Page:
Landings are busy places during a harvesting operation, because of processing which may occur and the loading of timber products onto trucks. Therefore, they have the potential to create big impacts on a relatively small area. Carefully select landing locations to provide for efficient timber removal and minimize adverse environmental impacts. Proper construction and maintenance of a landing is similar to that for roads.


Locate landings close to concentrations of timber. Choose locations that can be reused, are away from water and with a slight slope so that water will drain away from the area. Avoid steep slopes and low, wet areas where trucks cannot maneuver. Where feasible, locate landings below ridge crests to reduce the need for steep, hazardous roads. The haul road approaching the landing should have a low grade (not a steep slope) to make it easier for trucks to climb the slope and to reduce the movement of water into the landing area. Landing size and shape will be influenced by the timber length, processing to be performed at the landing, the need to store products on the landing prior to hauling, loading method, the need for an area to turn trucks around, and the type of hauling equipment. Consider creating a wildlife food plot on the landing after the harvest through use of appropriate seed cover.


Take special care when storing petroleum products and maintaining equipment in woodlands. Designate a specific place for draining vehicle lubricants so they can be collected and stored until being transported off-site for recycling, reuse, or disposal. Provide receptacles for solid wastes such as grease tubes and oil filters. Locate refueling areas away from water. A landing may be an excellent location for storing these products and maintaining equipment.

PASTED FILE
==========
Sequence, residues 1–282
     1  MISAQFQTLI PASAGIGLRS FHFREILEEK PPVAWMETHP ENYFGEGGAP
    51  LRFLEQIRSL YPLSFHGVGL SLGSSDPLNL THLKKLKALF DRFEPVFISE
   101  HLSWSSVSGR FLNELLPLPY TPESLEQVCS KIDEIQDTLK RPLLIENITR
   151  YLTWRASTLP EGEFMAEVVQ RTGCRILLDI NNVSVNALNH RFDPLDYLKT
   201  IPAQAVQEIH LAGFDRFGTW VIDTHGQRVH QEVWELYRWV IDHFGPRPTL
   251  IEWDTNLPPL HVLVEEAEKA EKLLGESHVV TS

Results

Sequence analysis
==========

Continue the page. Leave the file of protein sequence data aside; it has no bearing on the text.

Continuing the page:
Cull logs and other debris may be a hazard to snowmobilers and other recreational users if left on the landing.

Harvesting Equipment

Harvesting equipment is generally designed to perform a limited number of tasks. Those operations described below may occur at the tree stump, during in-woods transport from the stump to the landing, or at the landing. While some logging businesses consist of one person who operates different pieces of equipment during the course of the harvest, others have several employees, each operating one piece of equipment. If possible, recommend that the logger power wash all equipment before taking it into the sale area. This may help reduce the spread of invasive or noxious weeds if seed is embedded in dirt or debris that may be clinging to the equipment.

Operations at the Stump

Operations at the stump always include felling the tree. Felling may be done by a chainsaw, feller-buncher, or a processor (Figure 9-2). After felling, the tree may be further processed by removing the limbs and top and by bucking (cutting) it into individual product sections. When material is being transported to a landing, the limbs and tops may be left at or near the stump to help avoid scarring remaining trees, if markets limit the use of this material or if the soil tends to be nutrient deficient. Removing the entire tree may be the preferred option where there are concerns about pest invasions after the harvest, when the whole tree will be processed at the landing, when the site will be planted after the harvesting operation has been completed, or to make it easier to cut firewood from the residue.